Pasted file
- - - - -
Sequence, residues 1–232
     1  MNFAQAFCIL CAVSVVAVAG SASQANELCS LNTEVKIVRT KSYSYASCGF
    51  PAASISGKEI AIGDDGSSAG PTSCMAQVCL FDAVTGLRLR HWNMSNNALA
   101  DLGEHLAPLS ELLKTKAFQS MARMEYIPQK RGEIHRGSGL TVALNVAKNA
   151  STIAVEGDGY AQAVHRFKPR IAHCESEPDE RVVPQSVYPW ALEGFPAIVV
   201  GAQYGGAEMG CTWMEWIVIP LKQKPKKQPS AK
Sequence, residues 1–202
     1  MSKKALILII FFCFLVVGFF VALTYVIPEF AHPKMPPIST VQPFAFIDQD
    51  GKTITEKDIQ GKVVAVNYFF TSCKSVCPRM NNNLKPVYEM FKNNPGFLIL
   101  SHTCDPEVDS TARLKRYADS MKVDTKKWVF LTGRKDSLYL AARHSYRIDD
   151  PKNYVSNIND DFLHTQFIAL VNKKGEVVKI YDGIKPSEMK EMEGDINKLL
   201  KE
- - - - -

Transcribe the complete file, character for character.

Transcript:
Sequence, residues 1–232
     1  MNFAQAFCIL CAVSVVAVAG SASQANELCS LNTEVKIVRT KSYSYASCGF
    51  PAASISGKEI AIGDDGSSAG PTSCMAQVCL FDAVTGLRLR HWNMSNNALA
   101  DLGEHLAPLS ELLKTKAFQS MARMEYIPQK RGEIHRGSGL TVALNVAKNA
   151  STIAVEGDGY AQAVHRFKPR IAHCESEPDE RVVPQSVYPW ALEGFPAIVV
   201  GAQYGGAEMG CTWMEWIVIP LKQKPKKQPS AK
Sequence, residues 1–202
     1  MSKKALILII FFCFLVVGFF VALTYVIPEF AHPKMPPIST VQPFAFIDQD
    51  GKTITEKDIQ GKVVAVNYFF TSCKSVCPRM NNNLKPVYEM FKNNPGFLIL
   101  SHTCDPEVDS TARLKRYADS MKVDTKKWVF LTGRKDSLYL AARHSYRIDD
   151  PKNYVSNIND DFLHTQFIAL VNKKGEVVKI YDGIKPSEMK EMEGDINKLL
   201  KE